rebny

Midtown West, Policy

Image via Wiki Commons

The de Blasio administration pulled the plug Monday on proposed legislation that would give the city a 20 percent cut of any air rights sales in midtown Manhattan’s Theater District, according to Crain’s. The reversal followed disputes with City Council members over a key element–a floor price for the sales. The proposal had been part of a long effort to get theater owners to up the amount they contribute to a fund used for venue maintenance and support for smaller theaters. There is now speculation as to whether the move could cast a shadow on the administration’s Midtown East rezoning plan, which is a similar policy initiative.

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Midtown West, Policy

In November, the City Planning Commission voted to raise the cost of air rights transfers in the Theater District, allowing the city to take a 20 percent cut of any sales and establishing a minimum floor price of $346, a roughly 400 percent increase over the current $17.60 flat fee that they feel will be more in line with current property values. Despite vocal opposition from the Real Estate Board of New York, who back Theater District landlords and believe the increase is “is onerous, excessive and unfair,” this month the Commission is hoping to have the proposal approved by the City Council, reports Crain’s.

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Midtown West, Policy

The City Planning Commission has voted to up the cost of air rights transfers in the special Midtown Manhattan district that includes Broadway’s theaters, The Real Deal reports. Currently, when developers purchase air rights from theaters between West 40th and West 57th Streets from Sixth to Eighth Avenues, they pay $17.60 per square foot to the Theater Subdistrict Fund. Transferable development rights can usually only be used for adjacent properties, but the city created the special district in 1998 to help the theater industry thrive amid sharply rising real estate prices; within the district, air rights can be moved more freely in a larger area outside the usual “arms length” restrictions.

What does this mean for Broadway theaters?

affordable housing, Policy

Construction contractors

Ever since the city’s 421-a tax exemption program expired in January, the Building and Construction Trades Council of Greater New York and the Real Estate Board of New York (REBNY) have been negotiating under what terms to extend and/or modify the program. Both groups took part in what the city believes were “secret talks” with Governor Cuomo over the summer, after which he released his proposal to revise 421-a with wage subsidies for construction workers. REBNY was concerned about this stipulation, claiming it would increase construction costs by up to 30 percent, but a press release sent yesterday evening reports that they’ve reached an agreement with the Trades Council to move ahead with Cuomo’s version of the plan, which, in addition to setting a $60 hourly wage for qualifying projects in Manhattan and $45 in Brooklyn and Queens, extends the tax breaks up to 35 years (up from de Blasio’s proposed 25 years) and mandates newly created affordable units be kept in place for 40 years.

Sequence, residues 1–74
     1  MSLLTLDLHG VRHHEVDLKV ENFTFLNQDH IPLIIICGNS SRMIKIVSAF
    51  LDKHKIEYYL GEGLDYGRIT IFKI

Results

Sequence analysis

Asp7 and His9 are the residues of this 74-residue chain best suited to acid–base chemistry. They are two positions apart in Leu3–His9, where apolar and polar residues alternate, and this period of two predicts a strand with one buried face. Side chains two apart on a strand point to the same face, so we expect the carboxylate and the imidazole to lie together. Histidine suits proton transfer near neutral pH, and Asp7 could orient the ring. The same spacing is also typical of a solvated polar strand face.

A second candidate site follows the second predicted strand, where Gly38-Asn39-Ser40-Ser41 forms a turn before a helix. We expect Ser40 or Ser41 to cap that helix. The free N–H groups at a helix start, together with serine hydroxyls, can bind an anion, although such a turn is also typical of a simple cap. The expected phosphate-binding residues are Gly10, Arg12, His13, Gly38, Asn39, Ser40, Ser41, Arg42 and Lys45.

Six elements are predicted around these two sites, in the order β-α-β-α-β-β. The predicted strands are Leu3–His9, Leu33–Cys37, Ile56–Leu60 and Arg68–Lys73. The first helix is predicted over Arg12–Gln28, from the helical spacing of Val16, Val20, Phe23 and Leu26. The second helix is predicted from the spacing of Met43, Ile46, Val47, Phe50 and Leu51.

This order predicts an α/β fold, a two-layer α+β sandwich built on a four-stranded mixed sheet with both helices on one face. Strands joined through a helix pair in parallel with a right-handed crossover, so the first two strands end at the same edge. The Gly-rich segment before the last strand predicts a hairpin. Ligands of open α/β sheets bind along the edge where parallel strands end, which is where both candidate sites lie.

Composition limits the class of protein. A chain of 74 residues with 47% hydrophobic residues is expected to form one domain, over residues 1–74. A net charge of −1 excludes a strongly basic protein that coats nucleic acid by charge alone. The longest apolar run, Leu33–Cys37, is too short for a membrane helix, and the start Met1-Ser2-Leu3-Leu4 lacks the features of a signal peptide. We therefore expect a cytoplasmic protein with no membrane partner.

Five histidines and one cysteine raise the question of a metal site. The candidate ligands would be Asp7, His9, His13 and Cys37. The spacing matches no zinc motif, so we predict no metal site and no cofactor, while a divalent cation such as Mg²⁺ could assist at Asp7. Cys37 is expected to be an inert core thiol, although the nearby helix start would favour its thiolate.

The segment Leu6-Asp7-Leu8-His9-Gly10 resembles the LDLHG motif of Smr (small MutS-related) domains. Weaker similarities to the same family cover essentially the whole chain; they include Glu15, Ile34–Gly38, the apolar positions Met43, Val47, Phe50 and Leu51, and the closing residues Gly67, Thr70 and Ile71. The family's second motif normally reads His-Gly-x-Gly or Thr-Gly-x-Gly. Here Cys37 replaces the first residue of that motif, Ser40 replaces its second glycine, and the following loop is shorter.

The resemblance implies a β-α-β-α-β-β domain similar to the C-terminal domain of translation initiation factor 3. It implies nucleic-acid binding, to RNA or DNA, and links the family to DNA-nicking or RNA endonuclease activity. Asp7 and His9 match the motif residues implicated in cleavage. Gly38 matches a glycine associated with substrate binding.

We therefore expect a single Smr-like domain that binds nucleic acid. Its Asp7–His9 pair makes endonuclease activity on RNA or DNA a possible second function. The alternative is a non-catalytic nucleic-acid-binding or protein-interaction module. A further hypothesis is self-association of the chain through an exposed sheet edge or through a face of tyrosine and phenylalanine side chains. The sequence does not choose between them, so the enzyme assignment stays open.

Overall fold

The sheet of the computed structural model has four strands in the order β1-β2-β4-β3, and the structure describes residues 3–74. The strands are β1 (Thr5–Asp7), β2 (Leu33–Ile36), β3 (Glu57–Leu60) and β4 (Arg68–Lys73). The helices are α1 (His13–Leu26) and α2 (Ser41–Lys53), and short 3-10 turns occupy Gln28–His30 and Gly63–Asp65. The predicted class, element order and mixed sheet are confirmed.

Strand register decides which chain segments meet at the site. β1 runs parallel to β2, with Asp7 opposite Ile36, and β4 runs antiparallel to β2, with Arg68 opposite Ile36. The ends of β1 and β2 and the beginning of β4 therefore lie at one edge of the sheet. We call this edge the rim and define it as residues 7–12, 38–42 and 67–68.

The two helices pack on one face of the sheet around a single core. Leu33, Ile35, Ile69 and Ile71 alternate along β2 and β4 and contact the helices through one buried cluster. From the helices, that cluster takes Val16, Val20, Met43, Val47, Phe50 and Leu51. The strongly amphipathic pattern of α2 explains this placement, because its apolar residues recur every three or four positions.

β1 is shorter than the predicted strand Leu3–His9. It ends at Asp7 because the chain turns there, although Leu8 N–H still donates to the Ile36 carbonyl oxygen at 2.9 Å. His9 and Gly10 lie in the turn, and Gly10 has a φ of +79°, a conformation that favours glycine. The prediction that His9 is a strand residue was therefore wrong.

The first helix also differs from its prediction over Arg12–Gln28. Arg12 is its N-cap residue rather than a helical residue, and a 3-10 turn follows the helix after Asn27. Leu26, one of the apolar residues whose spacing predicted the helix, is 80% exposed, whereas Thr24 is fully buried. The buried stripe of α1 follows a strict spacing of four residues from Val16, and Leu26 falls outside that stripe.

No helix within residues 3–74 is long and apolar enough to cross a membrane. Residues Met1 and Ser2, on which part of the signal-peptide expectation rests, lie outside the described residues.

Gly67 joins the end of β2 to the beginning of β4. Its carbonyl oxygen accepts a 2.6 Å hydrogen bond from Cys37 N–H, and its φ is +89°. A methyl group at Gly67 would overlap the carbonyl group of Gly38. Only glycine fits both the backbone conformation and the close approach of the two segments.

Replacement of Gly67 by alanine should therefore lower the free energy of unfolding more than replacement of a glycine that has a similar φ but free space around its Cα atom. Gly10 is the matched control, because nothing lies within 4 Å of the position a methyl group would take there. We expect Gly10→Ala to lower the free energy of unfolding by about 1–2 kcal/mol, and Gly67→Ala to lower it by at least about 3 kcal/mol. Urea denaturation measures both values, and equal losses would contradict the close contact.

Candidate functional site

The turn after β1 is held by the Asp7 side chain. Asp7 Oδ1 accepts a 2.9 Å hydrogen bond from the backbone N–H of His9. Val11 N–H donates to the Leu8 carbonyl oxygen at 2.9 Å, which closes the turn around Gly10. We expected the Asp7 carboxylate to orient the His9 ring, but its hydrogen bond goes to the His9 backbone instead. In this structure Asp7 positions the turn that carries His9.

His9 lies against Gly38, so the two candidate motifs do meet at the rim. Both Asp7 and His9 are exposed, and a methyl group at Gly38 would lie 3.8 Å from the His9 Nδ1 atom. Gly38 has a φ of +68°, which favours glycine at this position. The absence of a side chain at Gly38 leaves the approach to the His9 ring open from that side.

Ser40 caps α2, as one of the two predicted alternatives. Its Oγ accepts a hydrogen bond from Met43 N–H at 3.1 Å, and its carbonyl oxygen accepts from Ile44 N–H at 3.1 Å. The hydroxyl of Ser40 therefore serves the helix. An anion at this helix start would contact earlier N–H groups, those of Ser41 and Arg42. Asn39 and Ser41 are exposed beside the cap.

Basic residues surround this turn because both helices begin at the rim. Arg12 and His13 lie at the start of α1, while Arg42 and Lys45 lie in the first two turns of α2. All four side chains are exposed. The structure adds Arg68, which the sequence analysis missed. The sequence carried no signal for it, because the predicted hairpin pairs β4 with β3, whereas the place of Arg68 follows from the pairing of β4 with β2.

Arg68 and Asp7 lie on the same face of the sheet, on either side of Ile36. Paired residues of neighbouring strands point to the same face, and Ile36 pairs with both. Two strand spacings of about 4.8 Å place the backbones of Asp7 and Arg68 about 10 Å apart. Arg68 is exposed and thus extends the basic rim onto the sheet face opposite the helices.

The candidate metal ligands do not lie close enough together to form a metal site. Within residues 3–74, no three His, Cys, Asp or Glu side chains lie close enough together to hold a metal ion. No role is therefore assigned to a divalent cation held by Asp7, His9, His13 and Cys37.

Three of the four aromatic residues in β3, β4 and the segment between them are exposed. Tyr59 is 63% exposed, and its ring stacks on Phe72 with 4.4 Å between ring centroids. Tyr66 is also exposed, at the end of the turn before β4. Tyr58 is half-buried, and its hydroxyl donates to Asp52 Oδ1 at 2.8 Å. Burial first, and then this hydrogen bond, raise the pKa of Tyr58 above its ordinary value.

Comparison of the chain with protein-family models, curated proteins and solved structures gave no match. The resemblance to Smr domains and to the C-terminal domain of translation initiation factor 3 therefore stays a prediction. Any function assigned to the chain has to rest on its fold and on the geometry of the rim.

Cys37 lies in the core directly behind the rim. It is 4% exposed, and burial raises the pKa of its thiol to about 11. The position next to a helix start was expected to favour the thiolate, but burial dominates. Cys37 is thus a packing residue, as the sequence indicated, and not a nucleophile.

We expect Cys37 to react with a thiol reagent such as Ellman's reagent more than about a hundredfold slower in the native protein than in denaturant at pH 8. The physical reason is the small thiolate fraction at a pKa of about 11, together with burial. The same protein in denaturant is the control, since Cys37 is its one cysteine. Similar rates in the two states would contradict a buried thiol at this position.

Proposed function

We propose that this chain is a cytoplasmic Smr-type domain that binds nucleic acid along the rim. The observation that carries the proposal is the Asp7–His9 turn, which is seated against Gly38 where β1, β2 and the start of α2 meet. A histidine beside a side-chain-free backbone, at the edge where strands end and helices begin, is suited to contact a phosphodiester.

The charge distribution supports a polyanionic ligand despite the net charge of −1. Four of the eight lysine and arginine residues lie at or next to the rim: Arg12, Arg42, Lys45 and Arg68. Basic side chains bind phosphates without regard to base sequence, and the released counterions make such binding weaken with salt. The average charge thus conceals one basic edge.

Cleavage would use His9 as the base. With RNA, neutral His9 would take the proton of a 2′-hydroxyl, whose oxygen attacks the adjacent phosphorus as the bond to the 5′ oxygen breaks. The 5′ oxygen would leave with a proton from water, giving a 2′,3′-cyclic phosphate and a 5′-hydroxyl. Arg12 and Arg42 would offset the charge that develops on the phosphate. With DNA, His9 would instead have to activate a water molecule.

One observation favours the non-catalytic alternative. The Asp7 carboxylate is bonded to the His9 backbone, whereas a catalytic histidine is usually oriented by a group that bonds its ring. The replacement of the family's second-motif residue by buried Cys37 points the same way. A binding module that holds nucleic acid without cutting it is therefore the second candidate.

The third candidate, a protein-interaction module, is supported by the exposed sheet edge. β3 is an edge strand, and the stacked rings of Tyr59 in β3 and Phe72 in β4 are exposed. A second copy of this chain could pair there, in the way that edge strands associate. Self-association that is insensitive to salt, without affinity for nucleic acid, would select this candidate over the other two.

More details this way

affordable housing, Policy, real estate trends

Brooklyn Heights, Brooklyn brownstones

Historic brownstones in Brooklyn Heights via City Realty

The war wages on between the Real Estate Board of New York (REBNY) and citywide preservationists. Many thought the contention between the groups over whether or not historic districts lessen affordable housing was a personal sentiment of former REBNY president Steven Spinola. But his successor John Banks has released a new report that claims landmarking doesn’t protect affordable housing.

The report looks at the number of rent-stabilized units in landmarked and non-landmarked districts between 2007 and 2014, finding that “citywide, landmarked properties lost rent stabilized units (-22.5%) at a much higher rate (-5.1%) than non-landmarked properties.” Of course preservationists quickly fired back. Andrew Berman, executive director of the Greenwich Village Society for Historic Preservation (GVSHP) calls the study “bogus” and says it does nothing to address how many units would have been lost had these areas not been landmarked.

More on the report

affordable housing, Policy

Pacific Park Brooklyn, Greenland Forest City Partners, COOKFOX, Thomas Balsley

Brooklyn’s Pacific Park development, one of the pipeline projects examined in the report for it’s affordable housing offer. Rendering by COOKFOX

This morning the Real Estate Board of New York (REBNY) released a report today saying if the city fails to renew the existing 421-a partial tax exemption program, we could stand to lose thousands of affordable units. REBNY took a look at a sample of projects in the pipeline—including Essex Crossing, 5Pointz, Domino and Pacific Park, amongst others—and found that 421-a is responsible for 5,484 affordable apartments and 13,801 market-rate units in these developments. They argue that without the abatement the theses units would be in jeopardy and be “immediately be sent back to the drawing board.” They add that some of the units could even end up as high-end luxury condominiums and some of the middle- and low-income housing now in the works would be lost forever.

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